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This compelling new book challenges the view that a clear and unwavering boundary exists between nature and technology. Rejecting this dichotomy, the contributors show how the history of each can be united in a constantly shifting panorama where definitions of "nature" and "technology" alter and overlap.

The Techno Human Condition

Author: Braden R. Allenby
Publisher: MIT Press
ISBN: 0262294400
Size: 18.78 MB
Format: PDF, Docs
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In The Techno-Human Condition, Braden Allenby and Daniel Sarewitz explore what it means to be human in an era of incomprehensible technological complexity and change. They argue that if we are to have any prospect of managing that complexity, we will need to escape the shackles of current assumptions about rationality, progress, and certainty, even as we maintain a commitment to fundamental human values.Humans have been co-evolving with their technologies since the dawn of prehistory. What is different now is that we have moved beyond external technological interventions to transform ourselves from the inside out -- even as we also remake the Earth system itself. Coping with this new reality, say Allenby and Sarewitz, means liberating ourselves from such categories as "human," "technological," and "natural" to embrace a new techno-human relationship.

The Theory And Practice Of Sustainable Engineering

Author: Braden R. Allenby
Publisher: Pearson Education
ISBN: 9780273752165
Size: 64.17 MB
Format: PDF, ePub
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The Theory and Practice of Sustainable Engineering is appropriate to use in sustainable engineering classes for both majors and non-majors. This textbook was designed as the basis for a course in itself, but it can be used to provide modules in existing courses, or as a supplementary text in sustainable engineering, green engineering, industrial ecology, sustainability law and policy, and environmental courses. Sustainable engineering is learning how to engineer responsibly and professionally in the Anthropocene: the Age of the Human. This textbook sketches out the cultural, social, institutional, and environmental context within which engineering and, more broadly, technology systems are now situated. It provides frameworks to facilitate understanding, communication, and the solving of highly complex problems with significant technological dimensions -

Industrial Ecology

Author: T. E. Graedel
Publisher: Pearson College Division
ISBN: 9780130467133
Size: 52.21 MB
Format: PDF
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This text addresses the increasing need for knowledge about the interactions between industry and environment with the ultimate goal of sustainability. With in-depth analysis of past, present, and future issues in industrial ecology, this book seeks to meet the needs of the product design engineers who hold much of the future of industry-environment interactions in their hands, as well as the emerging discipline of 'sustainability scientists' .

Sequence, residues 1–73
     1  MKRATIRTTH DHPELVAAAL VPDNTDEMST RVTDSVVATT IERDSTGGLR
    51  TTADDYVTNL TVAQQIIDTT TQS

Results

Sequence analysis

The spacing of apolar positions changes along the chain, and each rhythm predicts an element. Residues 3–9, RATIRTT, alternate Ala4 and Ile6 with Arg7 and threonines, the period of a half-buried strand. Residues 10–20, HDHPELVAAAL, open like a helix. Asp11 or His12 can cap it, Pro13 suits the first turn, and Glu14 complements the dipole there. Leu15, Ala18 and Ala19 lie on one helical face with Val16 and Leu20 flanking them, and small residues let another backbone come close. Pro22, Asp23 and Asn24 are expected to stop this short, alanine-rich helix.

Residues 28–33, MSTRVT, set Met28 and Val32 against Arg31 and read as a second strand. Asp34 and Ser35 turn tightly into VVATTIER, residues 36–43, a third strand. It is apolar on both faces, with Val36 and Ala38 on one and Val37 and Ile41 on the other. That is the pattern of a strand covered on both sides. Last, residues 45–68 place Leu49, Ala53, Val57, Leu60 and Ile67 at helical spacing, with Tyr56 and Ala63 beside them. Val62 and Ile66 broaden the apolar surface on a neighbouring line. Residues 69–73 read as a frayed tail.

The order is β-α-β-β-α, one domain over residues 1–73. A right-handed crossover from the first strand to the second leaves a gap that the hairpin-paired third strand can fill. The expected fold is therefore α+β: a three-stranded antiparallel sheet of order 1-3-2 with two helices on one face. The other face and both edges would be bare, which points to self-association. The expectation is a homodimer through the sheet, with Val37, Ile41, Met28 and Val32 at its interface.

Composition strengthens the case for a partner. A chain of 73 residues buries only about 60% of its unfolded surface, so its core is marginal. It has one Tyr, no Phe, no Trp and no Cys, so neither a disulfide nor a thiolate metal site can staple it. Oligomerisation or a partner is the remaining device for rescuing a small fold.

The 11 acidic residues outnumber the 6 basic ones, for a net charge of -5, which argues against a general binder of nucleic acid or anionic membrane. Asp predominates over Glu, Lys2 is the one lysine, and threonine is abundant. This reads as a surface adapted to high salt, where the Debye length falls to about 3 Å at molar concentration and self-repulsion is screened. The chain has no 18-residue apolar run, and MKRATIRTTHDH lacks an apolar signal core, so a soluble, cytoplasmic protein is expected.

The Greening Of Industrial Ecosystems

Author: Braden R. Allenby
Publisher: National Academies
ISBN:
Size: 35.42 MB
Format: PDF, Mobi
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Explores the emerging framework for making environmental factors an integral part of economic and business decision making

Worlds Before Adam

Author: Martin J. S. Rudwick
Publisher: University of Chicago Press
ISBN: 0226731308
Size: 21.23 MB
Format: PDF, Kindle
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In the late eighteenth and early nineteenth centuries, scientists reconstructed the immensely long history of the earth—and the relatively recent arrival of human life. The geologists of the period, many of whom were devout believers, agreed about this vast timescale. But despite this apparent harmony between geology and Genesis, these scientists still debated a great many questions: Had the earth cooled from its origin as a fiery ball in space, or had it always been the same kind of place as it is now? Was prehuman life marked by mass extinctions, or had fauna and flora changed slowly over time? The first detailed account of the reconstruction of prehuman geohistory, Martin J. S. Rudwick’s Worlds Before Adam picks up where his celebrated Bursting the Limits of Time leaves off. Here, Rudwick takes readers from the post-Napoleonic Restoration in Europe to the early years of Britain’s Victorian age, chronicling the staggering discoveries geologists made during the period: the unearthing of the first dinosaur fossils, the glacial theory of the last ice age, and the meaning of igneous rocks, among others. Ultimately, Rudwick reveals geology to be the first of the sciences to investigate the historical dimension of nature, a model that Charles Darwin used in developing his evolutionary theory. Featuring an international cast of colorful characters, with Georges Cuvier and Charles Lyell playing major roles and Darwin appearing as a young geologist, Worlds Before Adam is a worthy successor to Rudwick’s magisterial first volume. Completing the highly readable narrative of one of the most momentous changes in human understanding of our place in the natural world, Worlds Before Adam is a capstone to the career of one of the world’s leading historians of science.